Who is St Symphorian?

In our church, St Symphorian is depicted in two stained glass windows.  The circular window in the Baptistry shows St Symphorian with words of his mother around the edge of the window.  In the east window St Symphorian is kneeling and behind him is a soldier with a raised sword, just before his martyrdom.

The feast of St Symphorian is kept on 22nd August each year.
St Symphorian is the patron saint against eye problems and against syphilis, Autun (France), children, and students.

Other Churches dedicated to St Symphorian:
Genesius of Clermont built a church dedicated to St Symphorian at Clermont. The Parish Churches of Veryan and Forrabury in Cornwall are also dedicated to St Symphorian.

 Symphorian lived in Autun in Gaul (modern day France) in the second century.  He was the son of Senator Faustus and Blessed Augusta.  Being from a noble Christian family, Symphorian had been baptised by St Benignus and was well educated.

In 178AD, Autun was one of the most ancient and famous cities of Gaul and, at that time, very superstitious.   The people worshipped Cybele (mother goddess of Phrygia), Apollo (son of Zeus) and Diana (Italian goddess of woods, women, childbirth and the moon).  Once a year, the statue of Cybele was processed through the streets on a richly decorated chariot.  Everyone worshipped the statue but Symphorian asked for the tools to destroy it.  He was seized by the crowd and taken to Heraclius, governor of the province.   

Heraclius asked Symphorian why he had refused to adore the statue of Cybele.  Symphorian answered he was a Christian and worshipped the true God who reigns in Heaven.  Symphorian was bound and, after he continued to express his hatred for the idol, Heraclius commanded that he was to be cruelly beaten with clubs and sent to prison for heresy.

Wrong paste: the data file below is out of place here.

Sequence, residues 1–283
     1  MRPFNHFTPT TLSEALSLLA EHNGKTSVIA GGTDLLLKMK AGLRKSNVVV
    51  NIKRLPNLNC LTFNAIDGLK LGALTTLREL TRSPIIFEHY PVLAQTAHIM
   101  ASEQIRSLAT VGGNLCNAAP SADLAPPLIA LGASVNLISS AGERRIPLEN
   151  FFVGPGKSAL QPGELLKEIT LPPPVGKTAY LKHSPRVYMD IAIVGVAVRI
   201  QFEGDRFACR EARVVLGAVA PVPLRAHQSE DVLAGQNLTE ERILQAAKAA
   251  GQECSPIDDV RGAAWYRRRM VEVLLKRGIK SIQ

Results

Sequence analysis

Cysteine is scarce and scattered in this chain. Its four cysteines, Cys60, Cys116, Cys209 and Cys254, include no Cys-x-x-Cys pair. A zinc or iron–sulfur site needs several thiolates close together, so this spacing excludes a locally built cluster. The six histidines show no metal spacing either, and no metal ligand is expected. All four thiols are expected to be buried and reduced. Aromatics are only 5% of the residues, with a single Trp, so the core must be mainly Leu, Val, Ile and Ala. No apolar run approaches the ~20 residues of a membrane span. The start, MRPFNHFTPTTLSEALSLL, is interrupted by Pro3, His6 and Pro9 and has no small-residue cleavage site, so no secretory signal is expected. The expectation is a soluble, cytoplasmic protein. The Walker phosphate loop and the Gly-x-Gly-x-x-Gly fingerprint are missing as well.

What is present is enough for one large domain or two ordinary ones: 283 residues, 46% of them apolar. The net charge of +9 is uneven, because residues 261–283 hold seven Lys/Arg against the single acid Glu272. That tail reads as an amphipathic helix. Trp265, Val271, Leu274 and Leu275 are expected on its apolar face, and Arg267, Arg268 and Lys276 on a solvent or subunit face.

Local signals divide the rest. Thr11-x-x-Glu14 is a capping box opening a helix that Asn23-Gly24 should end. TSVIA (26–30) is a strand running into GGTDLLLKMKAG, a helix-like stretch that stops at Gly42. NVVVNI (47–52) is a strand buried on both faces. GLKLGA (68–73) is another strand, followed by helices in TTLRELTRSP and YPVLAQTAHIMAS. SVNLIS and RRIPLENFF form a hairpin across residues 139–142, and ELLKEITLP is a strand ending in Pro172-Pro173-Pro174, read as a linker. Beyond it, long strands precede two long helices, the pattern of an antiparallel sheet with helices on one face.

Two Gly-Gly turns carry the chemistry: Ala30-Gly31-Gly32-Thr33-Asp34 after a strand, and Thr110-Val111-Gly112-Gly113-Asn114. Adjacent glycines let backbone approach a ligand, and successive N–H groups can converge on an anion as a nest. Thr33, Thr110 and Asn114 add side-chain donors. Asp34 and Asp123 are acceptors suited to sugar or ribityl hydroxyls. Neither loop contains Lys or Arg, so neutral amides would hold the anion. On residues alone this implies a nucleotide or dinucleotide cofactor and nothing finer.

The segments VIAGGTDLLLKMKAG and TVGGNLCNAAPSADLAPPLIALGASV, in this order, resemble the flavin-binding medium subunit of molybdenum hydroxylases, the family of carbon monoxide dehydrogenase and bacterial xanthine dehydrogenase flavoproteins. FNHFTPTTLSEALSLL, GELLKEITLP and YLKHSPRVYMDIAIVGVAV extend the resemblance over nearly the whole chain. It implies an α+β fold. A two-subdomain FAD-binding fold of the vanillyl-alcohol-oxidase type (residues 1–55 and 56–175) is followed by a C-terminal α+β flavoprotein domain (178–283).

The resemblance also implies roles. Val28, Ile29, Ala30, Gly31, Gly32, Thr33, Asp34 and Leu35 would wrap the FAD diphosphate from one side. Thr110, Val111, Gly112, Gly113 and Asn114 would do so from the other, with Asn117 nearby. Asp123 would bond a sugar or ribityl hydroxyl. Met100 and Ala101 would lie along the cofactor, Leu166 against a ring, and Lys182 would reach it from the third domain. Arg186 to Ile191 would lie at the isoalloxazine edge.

Two days later, Symphorian was brought out of his dark dungeon and presented before the court.  Because of his noble birth, Symphorian was given a second chance and offered bribes.  When Symphorian refused, Heraclius condemned Symphorian to be beheaded by the sword.  

As Symphorian was carried out of the town to execution, his mother, standing on the city walls, cried out, “My son, my son, Symphorian: remember the living God, and be of good courage.  Raise your heart to Heaven, and consider him that reigns there.  Fear not death which leads to eternal life.”

Symphorian’s body was carried away by an unknown religious person and buried in a cave, near a fountain.  His tomb became famous for miracles, and in the middle of the fifth century Euphronius, a priest and later Bishop of Autun, built a church over the grave.  The church was connected with a monastery, which belonged to the Congregation of Sainte-Geneviève from 1656 until its suppression in 1791. Abbot Germanus later became Bishop of Paris, and dedicated a chapel to the saint. 

“My son, my son, Symphorian: remember the living God, and be of good courage.  Raise your heart to Heaven, and consider Him that reigns there.  Fear not death which leads to eternal life.”

Blessed Augusta at Symphorian's execution